A beautiful Catholic school

This is wonderful.

Atonement Academy, is a classical, college preparatory school for grades pre-K through 12th. It is the parish school of Our Lady of the Atonement Parish and is located in San Antonio, TX.

Yes, friends, it is still possible to do beautiful things.

There is one element in the video that I want to emphasize.  The pastor has been there for over 30 years.

As long as there is a revolving door of pastors, we won’t be able to build wonderful things like this.

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17 Responses to A beautiful Catholic school

  1. momofmany says:

    Twenty-five years ago I got kicked out of my high-school Confirmation class because I objected to a heretical video the teacher was showing. Since we were going to San Antonio on vacation that summer, my mom arranged for me to talk to Fr. Phillips. He asked me excellent questions and then decided I could be confirmed with his parish. I am eternally grateful to him for that sacrament!

  2. Sawyer says:

    It’s an Anglican use Catholic parish, the same one that was the subject of a dispute that was recently resolved when the Holy See ordered the parish to be transferred from the control of the diocese to the Ordinariate of the Chair of Saint Peter.

  3. LeeF says:

    I have heard a lot of friends over the years grouse about more modern parish church buildings, including the way the buildings are constructed. The simple fact is that the costs would be prohibitive to build 500/1000 year buildings like they used to do. Priests and bishops had to beg all over to get funds to build them even then, including ethnic priests traveling back to Europe to beg funds for a new building in America. Another fact is that given the economic demographics of many parishes, they could not afford to maintain such older style buildings even if given to them gratis.

    The real point of Father Z’s post here is that it is possible to do beautiful interiors with any type of building. In fact I’d take a concrete slab with brick only up a few feet and metal after that including the roof, with a healthy part of the money available spent on a beautiful interior.

    Maintenance should always be kept in mind though. Like with cushioned pews where the cushion does not have a removable base but instead is attached directly to the pew, meaning an on-site expensive upholstery job when those cushions inevitably get trashed far sooner than expected. Same with recessed lighting 30 feet up where it takes bringing in a scissor bucket truck to reach them (and no matter the time rating of bulbs, turning them on and off is what stresses them).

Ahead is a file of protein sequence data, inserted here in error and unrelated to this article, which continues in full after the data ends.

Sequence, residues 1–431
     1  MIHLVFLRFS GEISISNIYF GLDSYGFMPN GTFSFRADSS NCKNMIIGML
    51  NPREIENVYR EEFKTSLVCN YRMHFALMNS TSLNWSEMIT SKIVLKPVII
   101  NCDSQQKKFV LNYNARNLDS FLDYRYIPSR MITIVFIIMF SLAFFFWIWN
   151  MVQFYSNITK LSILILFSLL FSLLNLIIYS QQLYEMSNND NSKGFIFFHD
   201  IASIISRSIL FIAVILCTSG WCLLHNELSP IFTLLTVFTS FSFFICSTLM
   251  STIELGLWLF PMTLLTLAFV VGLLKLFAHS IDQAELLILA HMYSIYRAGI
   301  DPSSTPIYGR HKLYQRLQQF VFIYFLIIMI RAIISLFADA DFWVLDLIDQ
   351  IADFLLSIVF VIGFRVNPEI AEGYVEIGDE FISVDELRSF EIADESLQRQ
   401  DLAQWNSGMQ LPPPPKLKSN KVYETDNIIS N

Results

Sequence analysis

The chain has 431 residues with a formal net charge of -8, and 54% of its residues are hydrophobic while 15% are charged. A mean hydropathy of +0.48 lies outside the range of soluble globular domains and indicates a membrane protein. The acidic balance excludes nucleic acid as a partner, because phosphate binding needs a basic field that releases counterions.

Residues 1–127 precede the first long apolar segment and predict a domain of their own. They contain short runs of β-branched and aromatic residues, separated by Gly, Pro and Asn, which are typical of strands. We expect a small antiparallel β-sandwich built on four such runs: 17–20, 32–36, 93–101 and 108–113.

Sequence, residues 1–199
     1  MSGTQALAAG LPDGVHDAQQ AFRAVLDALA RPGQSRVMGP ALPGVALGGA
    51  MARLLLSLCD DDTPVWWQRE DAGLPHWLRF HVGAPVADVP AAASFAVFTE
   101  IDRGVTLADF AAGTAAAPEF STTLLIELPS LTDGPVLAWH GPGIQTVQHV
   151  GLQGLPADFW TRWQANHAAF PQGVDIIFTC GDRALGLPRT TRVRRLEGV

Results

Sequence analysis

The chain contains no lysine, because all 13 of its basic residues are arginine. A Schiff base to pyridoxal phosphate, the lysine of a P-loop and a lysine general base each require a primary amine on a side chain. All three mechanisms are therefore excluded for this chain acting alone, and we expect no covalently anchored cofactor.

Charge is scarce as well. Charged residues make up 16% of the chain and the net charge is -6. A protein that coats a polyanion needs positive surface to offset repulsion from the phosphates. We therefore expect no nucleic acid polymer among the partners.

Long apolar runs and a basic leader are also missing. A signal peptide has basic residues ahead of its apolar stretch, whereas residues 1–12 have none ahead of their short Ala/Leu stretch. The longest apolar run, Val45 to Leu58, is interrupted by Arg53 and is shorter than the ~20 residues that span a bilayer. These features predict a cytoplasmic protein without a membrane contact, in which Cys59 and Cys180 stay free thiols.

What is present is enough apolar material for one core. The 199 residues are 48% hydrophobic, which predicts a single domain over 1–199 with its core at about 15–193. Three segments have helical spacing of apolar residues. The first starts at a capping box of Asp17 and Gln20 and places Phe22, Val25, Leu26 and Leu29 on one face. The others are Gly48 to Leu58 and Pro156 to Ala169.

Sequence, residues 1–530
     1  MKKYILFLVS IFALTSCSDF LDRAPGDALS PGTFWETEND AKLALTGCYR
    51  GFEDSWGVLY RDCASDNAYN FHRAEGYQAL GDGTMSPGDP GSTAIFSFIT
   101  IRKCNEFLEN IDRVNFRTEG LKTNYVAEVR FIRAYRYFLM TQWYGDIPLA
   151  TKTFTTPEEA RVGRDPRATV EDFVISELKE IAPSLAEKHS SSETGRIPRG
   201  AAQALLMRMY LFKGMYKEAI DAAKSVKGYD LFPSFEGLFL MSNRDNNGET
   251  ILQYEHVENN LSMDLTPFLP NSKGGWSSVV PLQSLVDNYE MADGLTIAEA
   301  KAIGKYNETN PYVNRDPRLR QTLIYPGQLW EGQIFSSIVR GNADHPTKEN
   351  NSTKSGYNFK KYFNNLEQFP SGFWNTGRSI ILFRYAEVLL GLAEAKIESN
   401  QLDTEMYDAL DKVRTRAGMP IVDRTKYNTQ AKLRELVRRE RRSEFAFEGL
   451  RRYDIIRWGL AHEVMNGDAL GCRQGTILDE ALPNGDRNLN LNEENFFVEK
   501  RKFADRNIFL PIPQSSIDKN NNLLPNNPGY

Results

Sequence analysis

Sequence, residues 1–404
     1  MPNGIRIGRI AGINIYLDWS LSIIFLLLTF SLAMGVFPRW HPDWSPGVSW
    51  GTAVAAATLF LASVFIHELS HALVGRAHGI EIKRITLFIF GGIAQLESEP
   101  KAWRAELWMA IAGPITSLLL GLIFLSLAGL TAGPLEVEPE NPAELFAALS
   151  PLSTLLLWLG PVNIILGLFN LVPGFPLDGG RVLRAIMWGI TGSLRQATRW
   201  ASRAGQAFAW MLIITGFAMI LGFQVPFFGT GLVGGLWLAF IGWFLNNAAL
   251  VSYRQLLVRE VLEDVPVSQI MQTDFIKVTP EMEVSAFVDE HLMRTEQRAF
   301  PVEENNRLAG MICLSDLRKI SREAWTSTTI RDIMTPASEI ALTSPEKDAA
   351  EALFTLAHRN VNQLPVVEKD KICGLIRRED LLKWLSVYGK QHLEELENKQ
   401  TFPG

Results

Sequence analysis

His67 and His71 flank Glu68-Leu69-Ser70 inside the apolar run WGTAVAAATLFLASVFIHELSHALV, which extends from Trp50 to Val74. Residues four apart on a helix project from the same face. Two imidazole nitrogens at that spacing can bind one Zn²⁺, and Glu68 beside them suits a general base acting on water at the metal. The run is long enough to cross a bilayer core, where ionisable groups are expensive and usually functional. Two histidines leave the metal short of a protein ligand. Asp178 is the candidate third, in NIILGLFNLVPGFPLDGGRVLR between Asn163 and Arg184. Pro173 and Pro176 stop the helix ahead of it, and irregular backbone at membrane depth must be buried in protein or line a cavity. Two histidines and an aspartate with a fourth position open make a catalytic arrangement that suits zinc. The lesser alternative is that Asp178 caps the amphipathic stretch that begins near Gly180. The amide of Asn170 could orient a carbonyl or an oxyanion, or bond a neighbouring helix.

4. Joseph-Mary says:

    I would attend holy Mass at Our Lady of the Atonement when my parents lived in San Antonio. I loved to go there! And I have attended the students’ Mass and it is so wonderful. The children are taught to sing and they are not only excellent at it but they are reverent and well behaved. Also well dressed in their uniforms too.

    So glad that Our Lady of the Atonement parish and academy were saved by being transferred to the Ordinariate. It is true that they are not like the other parishes in town and that is the reason many drive across town to attend Mass there. My parents went to a mega Catholic Church, an ugly big brick thing and I happily drove past it when I would go to Our Lady of the Atonement.

  5. bombcar says:

    Anyone have an example letter I can send to the bishop requesting stability for a good pastor running a school?

  6. PTK_70 says:

    Your Excellency,
    I humbly implore that you grant stability to our good pastor who has been masterful in the administration of St. Isidore Catholic School.
    With filial devotion,
    ‘bombcar’

  7. ejcmartin says:

    Seeing this depresses me to no end. Listening to our archbishop’s homily at last evening’s Chrism Mass, it is apparent he is on side with the “powers that be” who are pushing headlong to “liturgy minister” parish model as now being promoted by Cardinal Marx in Germany. Our diocese is a mess. Pray for us.

  8. FrAnt says:

    In my diocese, a pastor’s term is six years, and he is allowed only two terms. I am approaching the end of my second term and several times I have said to myself and sometimes to others, “The next pastor can take care of that.” I have done a lot to “maintain” our parish buildings, and have gotten to the point where some large and necessary changes can be made, but I don’t have enough time to begin them, this is when I find myself saying, “The next pastor…”
    Watching the video above and Fr. Z’s observation about lifetime pastors, I can see what many of the parishes in my diocese, and others, are missing.

  9. billy15 says:

    A beautiful school indeed; I’d love to send my kids there.

    Fr. Z (and all priests reading this), I was under the impression that the reason for having rotating pastors in any given diocese is so a cult of personality doesn’t develop. Has this always been the case in the Latin Rite, or was it something that occurred only in the 20th century?

    I have to say, while I love my current pastor, and the pastor before him, I think it’s a good idea to have a rotation. Think of St. Sabina’s in Chicago. Sure the Mass is said there each day, but is it more a Catholic parish, or a cult of personality surrounding Fr. Pfleger? Several times Fr. Pfleger was about to be moved, until many of the parishoners said they would leave the Catholic Church if he was moved elsewhere. How awful is that?! Now for whatever reason, other priests in the Archdiocese of Chicago have had to move after their 2 (or the rare 3) terms at a parish, but Fr. Pfleger remained, to the detriment of the local Church at Chicago, as well as the Church as a whole. To avoid these developments of a cult of personality, this is why I support the term restrictions. What do you think?